With DC Universe undergoing its current implosion, the fate of some of the television shows I’ve enjoyed on that platform may be up in the air. Is that a mixed metaphor? Implosion and up in the air? The three series on my mind are Titans, Doom Patrol and, of course, this animated series, starring the irrepressible Harley Quinn.
Of the three DC Universe shows, Harley Quinn just may be my favorite. Since the series is now available for streaming on HBO Max, I take that as a sign that it’s not dead in the water. It could jump to HBO, or Netflix, or one of the other myriad streaming services not owned by Disney. Maybe Amazon.
This series is too good to not continue. Not just good, but refreshing. A lot of the DC Comics content out there takes itself just a bit too seriously. Few more so than the grim and dark Batman franchise, of which this series is a part. This cartoon can go dark—and it does—but even then, at its heart, there’s a goofy, off-kilter, crazy, funhouse-mirror-reflection perspective to the show. It’s not quite the campy ’66 Batman with its painfully engineered cliffhangers and pop-art sound effects.
But, Harley Quinn is also a stylized alt-take on Gotham City. Most comic book fans have learned to be a bit more flexible with their fictional universes. The Adam West Batman is not the same as the Christian Bale Batman, while both aren’t the same as the Ben Affleck Batman. And this flexibility extends beyond television and motion pictures. Phrases such as “the Scott Snyder Batman” or “the Frank Miller Batman” actually mean something to the Bat-fans out there. You may favor Jim Lee’s artistic vision of Batman, but my favorite Batman will always be the Jim Aparo one, with the impossibly long ears on the cowl. And, Kevin Conroy’s Batman voice is the one I hear in my head, not Bale’s, even when reading a comic book. Batman, and his supporting cast of characters, have been reinvented more often than Madonna.
Harley Quinn is just one more reinvention.
The character of Harley has what I think is a unique pedigree in the world of comic book stories. She was created by Paul Dini and Bruce Timm for Batman: The Animated Series, as a love interest for the Joker and another villain in Batman’s own rogue’s gallery. So, Harley was born in 1992, twenty-eight years ago as of the time I’m typing this. The character jumped to the comic book medium, to live-action television, and eventually to the movies, and, now, back to the animated form. This cartoon is a bit of a coming home for the character, although the character evolved throughout all of her depictions, and is continuing to evolve.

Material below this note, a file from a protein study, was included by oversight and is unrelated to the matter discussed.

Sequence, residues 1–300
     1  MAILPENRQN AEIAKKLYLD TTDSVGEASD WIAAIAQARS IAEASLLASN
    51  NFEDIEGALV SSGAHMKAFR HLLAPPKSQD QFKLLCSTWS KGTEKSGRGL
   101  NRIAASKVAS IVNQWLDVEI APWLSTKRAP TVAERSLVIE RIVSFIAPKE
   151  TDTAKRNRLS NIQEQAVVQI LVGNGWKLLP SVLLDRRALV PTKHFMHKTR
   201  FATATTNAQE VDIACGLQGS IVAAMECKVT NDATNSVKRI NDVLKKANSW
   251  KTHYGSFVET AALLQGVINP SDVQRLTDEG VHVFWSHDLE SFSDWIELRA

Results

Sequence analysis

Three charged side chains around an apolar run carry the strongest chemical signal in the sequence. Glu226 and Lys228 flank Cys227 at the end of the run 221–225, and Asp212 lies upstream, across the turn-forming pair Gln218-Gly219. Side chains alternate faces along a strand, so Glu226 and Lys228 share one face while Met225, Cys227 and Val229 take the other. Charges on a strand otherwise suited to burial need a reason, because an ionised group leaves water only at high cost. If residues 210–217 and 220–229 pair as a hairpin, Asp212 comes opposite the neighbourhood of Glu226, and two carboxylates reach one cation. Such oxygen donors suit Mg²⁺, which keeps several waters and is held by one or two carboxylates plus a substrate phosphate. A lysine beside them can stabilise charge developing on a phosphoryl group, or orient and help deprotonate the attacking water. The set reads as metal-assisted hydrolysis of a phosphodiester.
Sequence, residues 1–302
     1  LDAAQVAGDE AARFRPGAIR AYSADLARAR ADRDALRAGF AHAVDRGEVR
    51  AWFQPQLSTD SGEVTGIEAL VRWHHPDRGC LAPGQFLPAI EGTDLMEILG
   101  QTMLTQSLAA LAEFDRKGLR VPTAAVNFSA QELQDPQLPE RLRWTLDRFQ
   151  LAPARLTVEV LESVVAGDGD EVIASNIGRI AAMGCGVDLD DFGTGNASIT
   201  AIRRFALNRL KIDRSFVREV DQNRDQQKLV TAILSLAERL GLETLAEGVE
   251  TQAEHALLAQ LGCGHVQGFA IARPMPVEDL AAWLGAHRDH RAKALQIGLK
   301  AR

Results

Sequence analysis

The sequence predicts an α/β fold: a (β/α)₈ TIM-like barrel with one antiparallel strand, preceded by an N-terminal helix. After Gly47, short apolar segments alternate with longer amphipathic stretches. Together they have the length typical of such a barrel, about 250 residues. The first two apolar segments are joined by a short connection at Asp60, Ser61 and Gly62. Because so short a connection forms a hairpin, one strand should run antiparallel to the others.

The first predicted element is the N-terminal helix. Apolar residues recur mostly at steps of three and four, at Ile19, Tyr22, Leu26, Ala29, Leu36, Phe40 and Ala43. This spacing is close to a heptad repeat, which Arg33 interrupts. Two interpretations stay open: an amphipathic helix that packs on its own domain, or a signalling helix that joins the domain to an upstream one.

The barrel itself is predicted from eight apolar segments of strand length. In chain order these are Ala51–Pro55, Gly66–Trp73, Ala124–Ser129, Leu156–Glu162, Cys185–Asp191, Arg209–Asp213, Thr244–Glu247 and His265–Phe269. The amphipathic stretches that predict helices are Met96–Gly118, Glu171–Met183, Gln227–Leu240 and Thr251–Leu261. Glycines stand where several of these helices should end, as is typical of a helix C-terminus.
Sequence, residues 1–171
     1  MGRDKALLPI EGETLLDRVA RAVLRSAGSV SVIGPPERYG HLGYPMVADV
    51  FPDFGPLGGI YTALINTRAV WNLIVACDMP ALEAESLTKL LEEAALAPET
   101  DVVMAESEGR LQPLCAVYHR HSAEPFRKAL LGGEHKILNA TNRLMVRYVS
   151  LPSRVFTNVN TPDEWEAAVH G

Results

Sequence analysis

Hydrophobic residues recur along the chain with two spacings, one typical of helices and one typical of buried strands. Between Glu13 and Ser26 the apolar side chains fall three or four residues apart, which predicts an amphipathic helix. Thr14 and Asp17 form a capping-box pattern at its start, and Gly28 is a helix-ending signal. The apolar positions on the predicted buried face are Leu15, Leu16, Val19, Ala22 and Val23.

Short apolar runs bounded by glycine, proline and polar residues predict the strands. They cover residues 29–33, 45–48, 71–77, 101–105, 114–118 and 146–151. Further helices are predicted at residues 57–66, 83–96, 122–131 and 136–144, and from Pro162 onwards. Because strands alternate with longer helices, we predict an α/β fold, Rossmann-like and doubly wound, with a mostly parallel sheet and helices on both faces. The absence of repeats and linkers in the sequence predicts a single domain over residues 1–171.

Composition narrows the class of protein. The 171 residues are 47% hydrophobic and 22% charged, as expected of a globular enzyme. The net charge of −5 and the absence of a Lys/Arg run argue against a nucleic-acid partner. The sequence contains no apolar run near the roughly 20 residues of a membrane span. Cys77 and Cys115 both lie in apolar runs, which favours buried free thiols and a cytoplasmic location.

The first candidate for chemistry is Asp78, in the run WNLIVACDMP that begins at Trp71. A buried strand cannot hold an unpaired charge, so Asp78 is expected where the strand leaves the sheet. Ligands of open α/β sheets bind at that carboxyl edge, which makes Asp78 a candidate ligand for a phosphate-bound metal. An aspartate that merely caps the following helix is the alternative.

Season 2 occupies some of the same space as the “No Man’s Land” story line from the comics. Read Greg Rucka’s novelization of the story if you missed the comics. A version also appeared on the mercifully cancelled Gotham. While the story of Gotham City cut off from—in fact, disowned by—the rest of the USA provides the milieu for this Harley-centric tale, it is, at its heart, a love story.
You see, Harley is now in love with Poison Ivy. That is the backbone of her story arc in this season. Meanwhile, Ivy is preparing to marry Kite Man, and Harley attempts to do all the best-friend things, like throwing a killer bridal shower. Of course, the shower Harley creates is on Themiscyra, this being a DC Comics property and all, and things don’t go exactly as planned.
Of course, there are other things going on during the season. Harley finds an apparently amnesiac Joker, cured of his insanity and living a normal life, a status quo that surely can’t be maintained. At the same time, she manages to cut the final ties shackling her to her former Arkham Asylum patient.
It doesn’t hurt that “Mr. J” is voice-acted by none other than Alan Tudyk, who now approaches what must surely be nerd godhood. Not only did Tudyk play Hoban “Wash” Washburne, the pilot of Serenity in Firefly, he’s also been Mr. Nobody on Doom Patrol, the voice of Green Arrow in several cartoons and video games, and the voice of K-2SO in Rogue One: a Star Wars story. Also, Steve the Pirate in Dodgeball, but that goes without saying. Mr. Tudyk is an incredibly busy working actor with a lot of DC Comics credits to his name. Plus, he’s still friendly with Nathan Fillion.
Speaking of voice actors, Harley Quinn is brilliantly brought to life by Kaley Cuoco, who was Penny on Big Bang Theory and is also an executive producer of this animated series. Her voice is perfect for the character, and—no insult intended to Margot Robie—I propose that she’d be an excellent choice for a live-action Harley Quinn as well. The same goes for Lake Bell, pitch perfect as Poison Ivy. Comedian Ron Funches has created a perfectly cuddly version of King Shark as well, while Arrested Development and Veep‘s own Tony Hale is ascerbically on-point as the “C” word-prone Dr. Psycho. Throw in Seinfeld‘s Jason Alexander as Cy Borgman and a huge supporting cast of major acting talent, and the result is a cartoon with a ton of star power.
I choose not to ruin everything that happens in this season for you, except to warn you that you can expect appearances by Darkseid and a host of parademons. There are tons of Easter Eggs for DC Comics fans, but you don’t have to be a fan of the comics to enjoy this show.
It’s wacky, irreverant, and seriously skewed while remaining loyal and respectful of the source material. That’s a difficult tight rope to walk, but this series somehow manages it.
I’m keeping my fingers crossed that we’ll get more of the same in the future.
Firewater’s The-Pit-is-for-the-Criminally-Capable Report Card: A
This is the story that finally made me like Bane. Just a little.